Chapter 16 - Seeing Tomorrow
November 9, 2011
OK, you've made it this far so I thought I'd begin to wind this up with a golf metaphor. Maybe that way I can make sure I have your full attention.
"You're standing over your golf ball on the toughest green on the hardest course you have ever played. For thirty feet in front of you, the green runs uphill to a ridge. Beyond that it drops away sharply to the right. The cup lies another eighteen feet down the slope.
The reality of the putt is that it is entirely yours to control - it's your ball, your putter, your nerves that are being put to the test but every decision you make, every tic in your backswing or follow-through, will effectively change the location of the hole and the chance of your ball finding it.
Send the putt too far out to the left as you head up the ridge, and the ball will never swing back far enough to the right to find the hole. Cut the putt too close to right, and you'll end up below the hole.
Stroke the ball too hard, and unless your aim is dead on and the cup forgiving, you'll end up off the green on the far side, maybe in the trap beyond the fringe. Stroke the ball too soft, fail to clear the ridge, and you'll have to make the same miserable putt all over again.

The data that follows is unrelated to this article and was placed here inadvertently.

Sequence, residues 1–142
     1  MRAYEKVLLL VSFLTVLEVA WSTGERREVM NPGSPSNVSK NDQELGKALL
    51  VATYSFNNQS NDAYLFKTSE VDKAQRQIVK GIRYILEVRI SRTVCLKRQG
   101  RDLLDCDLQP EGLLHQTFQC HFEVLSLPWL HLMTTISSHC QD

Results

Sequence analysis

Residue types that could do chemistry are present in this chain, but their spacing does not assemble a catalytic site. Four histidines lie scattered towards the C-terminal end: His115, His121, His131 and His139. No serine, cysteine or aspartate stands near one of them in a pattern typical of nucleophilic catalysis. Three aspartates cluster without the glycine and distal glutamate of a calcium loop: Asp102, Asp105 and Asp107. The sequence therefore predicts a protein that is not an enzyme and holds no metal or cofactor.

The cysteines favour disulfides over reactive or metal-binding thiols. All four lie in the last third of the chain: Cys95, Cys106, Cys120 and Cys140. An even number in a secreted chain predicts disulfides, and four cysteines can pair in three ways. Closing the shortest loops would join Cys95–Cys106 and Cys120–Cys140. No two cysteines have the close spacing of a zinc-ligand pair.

Now take that golf ball and make it yourself or your business. The ball sits where you are today. Forty-eight feet away is the hole where you need to be in ten years, and every decision you make now will change the effective location of the hole when the ball finally arrives there. In between the two, between now and then, lie events you can only begin to predict - cleat marks, product failures, caprices of history - and each event will affect where you are going and what you will find when you arrive.
And there you have the paradox of action: Nothing will turn out exactly as it is supposed to. No path can take you safely with assurance to where you want to be. Where you want to go today is almost certainly not where you will get to when you arrive.
And yet if you fail to act, you will cease to exist in any meaningful professional or business sense. You've got to go for what you can't expect to get.
Wait for the future to happen, and you will have no future. That's a given. Rush out to meet the future, and your action will automatically begin changing the future that you are headed to. That is also a given. Between the two givens, though, lies a world of difference."
- Watts Wacker, The Visionary’s Handbook